Here are my notes from the second (and final) day of Visa Ins. The first day’s notes can be found here.
I only went to two of the presentations because it was a half day and I was covering a the Endava stand.
Again, apologies for brevity and any grammatical or layout issues.
E-commerce comes of age
Duncan Olboy. Helps merchants.
- Ecommerce is 24% of Visa’s business
- Ecommerce is growing twice as fast as face to face
- The rate of adoption of new technologies being adopted is quickening
- 4G will accelerate user migration from face to face quicker
- Customers want cloud services – it simplifies things for users and feels more natural
- Digital goods are 24% of Visa transactions
- Apple claim iPhone users use Siri once a week
- There was a demonstration of the ease of a mobile payment on stage (BH: but it is any easier than using a card?)
- 40% of users want their card details shielded from anyone across the internet. That is the core foundation of v.me
- 25% want a quick checkout
- PayPal was launched in 2009. It’s the only wallet at scale
- Merchants also want a quick checkout/wallet process to reduce abandonment
- The live demo of v.me was based on receiving an email from a retailer
- The wallet includes delivery information
- The user interface auto detects the bank from the start of the user entering the card number
- 3 live trials underway, 16 banks signed on to v.me
- Phase 2 trials are planned
- visa’s challenge is the demand for these new layers of the ecosystem keeps growing
Shane Happach, Chief Commercial Officer, e-commerce, Worldpay
Worldpay has £300bn turnover, 120 countries, 400,000 merchants, 200 payment types
Shane spoke about ‘selling’ v.me to retailers. 80pc of v.me responds to retailer challenges
- Needs a differentiating experience for retailers
- v.me needs to demonstrate benefits / incremental sales for retailers
Why has Worldpay committed to V.me?
- “Low impact technically to implement”
- Cost effective
- Multichannel… Shane said in 5 years’ time, no one will mention multichannel, or even omni-channel
Eric Rebour, E. Leclerc supermarkets
- Customers have changed. Going to the supermarket isn’t fun or sociable anymore, people want to shop from home.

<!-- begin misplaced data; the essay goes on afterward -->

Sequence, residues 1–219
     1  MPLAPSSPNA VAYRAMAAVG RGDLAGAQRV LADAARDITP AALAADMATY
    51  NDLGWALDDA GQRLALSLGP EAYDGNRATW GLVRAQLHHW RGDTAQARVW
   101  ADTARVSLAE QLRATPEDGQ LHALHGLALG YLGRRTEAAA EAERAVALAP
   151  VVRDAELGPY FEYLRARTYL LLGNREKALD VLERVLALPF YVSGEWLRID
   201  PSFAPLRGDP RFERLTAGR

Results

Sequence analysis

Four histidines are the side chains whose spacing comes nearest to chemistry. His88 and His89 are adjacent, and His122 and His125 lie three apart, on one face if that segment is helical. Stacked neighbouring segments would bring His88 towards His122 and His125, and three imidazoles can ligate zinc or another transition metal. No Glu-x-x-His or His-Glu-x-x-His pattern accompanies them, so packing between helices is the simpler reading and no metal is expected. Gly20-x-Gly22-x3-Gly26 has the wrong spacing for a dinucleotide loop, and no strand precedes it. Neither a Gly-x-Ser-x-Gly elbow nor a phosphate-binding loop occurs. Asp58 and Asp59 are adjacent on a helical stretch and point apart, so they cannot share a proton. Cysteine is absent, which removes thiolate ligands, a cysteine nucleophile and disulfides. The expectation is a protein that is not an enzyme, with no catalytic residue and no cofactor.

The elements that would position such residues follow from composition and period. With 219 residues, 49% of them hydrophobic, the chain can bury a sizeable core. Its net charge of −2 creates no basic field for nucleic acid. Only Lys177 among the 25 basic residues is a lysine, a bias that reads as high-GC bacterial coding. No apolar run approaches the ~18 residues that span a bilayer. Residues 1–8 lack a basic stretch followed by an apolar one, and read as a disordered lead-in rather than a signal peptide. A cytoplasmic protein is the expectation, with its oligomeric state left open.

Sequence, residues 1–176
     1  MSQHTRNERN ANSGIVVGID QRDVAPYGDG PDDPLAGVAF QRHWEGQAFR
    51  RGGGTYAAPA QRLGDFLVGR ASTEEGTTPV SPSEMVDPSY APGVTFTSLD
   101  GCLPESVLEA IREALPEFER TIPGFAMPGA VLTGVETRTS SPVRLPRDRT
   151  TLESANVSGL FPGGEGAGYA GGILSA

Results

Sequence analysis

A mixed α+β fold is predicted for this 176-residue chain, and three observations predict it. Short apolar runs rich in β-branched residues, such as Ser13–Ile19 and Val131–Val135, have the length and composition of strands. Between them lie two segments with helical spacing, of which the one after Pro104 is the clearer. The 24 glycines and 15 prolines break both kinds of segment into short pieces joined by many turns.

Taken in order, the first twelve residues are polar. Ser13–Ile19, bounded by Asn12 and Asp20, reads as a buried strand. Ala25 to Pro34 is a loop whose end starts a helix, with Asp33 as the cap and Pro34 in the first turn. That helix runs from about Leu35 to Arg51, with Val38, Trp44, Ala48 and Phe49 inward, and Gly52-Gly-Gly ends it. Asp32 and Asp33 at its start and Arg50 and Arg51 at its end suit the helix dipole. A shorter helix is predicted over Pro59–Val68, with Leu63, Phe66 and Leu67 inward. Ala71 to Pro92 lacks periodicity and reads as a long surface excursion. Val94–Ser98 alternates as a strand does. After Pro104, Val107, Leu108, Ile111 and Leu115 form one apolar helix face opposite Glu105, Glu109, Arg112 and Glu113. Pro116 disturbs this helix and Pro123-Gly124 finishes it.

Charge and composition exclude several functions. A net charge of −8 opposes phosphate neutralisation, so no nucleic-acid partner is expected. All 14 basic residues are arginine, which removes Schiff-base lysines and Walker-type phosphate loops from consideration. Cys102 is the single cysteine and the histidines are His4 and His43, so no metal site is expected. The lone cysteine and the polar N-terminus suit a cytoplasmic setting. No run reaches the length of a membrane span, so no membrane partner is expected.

- The move from supermarkets to the web was a security learning experience. Increasing credit card security meant a [20%!!!] drop in customer conversion.
- Customers asked to use PayPal. However PayPal was cost prohibitive for supermarkets (the product margins aren’t high enough to support PayPal).
- Leclerc chose V.me because the transaction fees are far lower
- Very customer focussed (quite usual for supermarkets). Customers want to find something easily, quickly, and secure.
- 25% of Leclerc food orders are done on a mobile phone. Average basket size on a mobile is 42 items, so it’s not a short experience. It’s probably during a commute.
- The payment process needs to be quick and easy. Making users think about the process any more than the physical equivalent will increase form abandonment. (BH: Through the event there was lots of discussion around the invisible, seamless experience).
Benjamin Ensor, Forrester
- Quick and easy: that’s why people want to use a mobile device for bank maintenance, because the login process is far easier than the web equivalent of long username and password.
Peter Ayliffe, Steve Perry and Sir Stuart Rose
- Reminder of over 20% of visa transactions are ecommerce
- Smartphone grows at 30% year on yar
- One bank at the conference said their mobile app is used on average 26 times per month.
Peter gave some experiences of his own family:
- His 81 year old father who buys art supplies from Amazon
- His son’s girlfriend does their grocery shopping online
- His younger son moved home and his first priority when he moved to a new house was to get the TV working and streaming content from his phone to the TV
- His oldest son uses a NikeID chip and Spotify on his mobile. The previous day he’d received a cheque through the post from a friend.
- Peter said his family isn’t unique (which is why the audience can relate to these scenarios). It’s not even unique in the UK, its right across Europe.
His comments on how Visa has delivered NFC:
- Visa process over 10m transactions a month in Poland
- London buses have adopted NFC cards, and bearing in mind there is already an Oyster contactless card in use, there have been 1m payments on buses, 90% of which are on Visa
- The average person checks their mobile device every 6.5 mins, including checking the time
- £1.7m downloads of the RBS app with visa payments, in the first 10 days
- V.me is unique. It shields the card holder for the customer and moves the liability shift from the retailer. And it will be branded as the bank.
The Financial Services moving toward a Financial Information Services company:
- Financial Services companies need to focus on the information that they have. Financial Services currently move money around the system. Soon they will be moving information around.
- The information industry already has 50% of the revenue of the Financial Services industry.
Google can’t see the end sale take place. Visa can. This is Visa’s Unique Selling Point over Google, and pretty much any other company.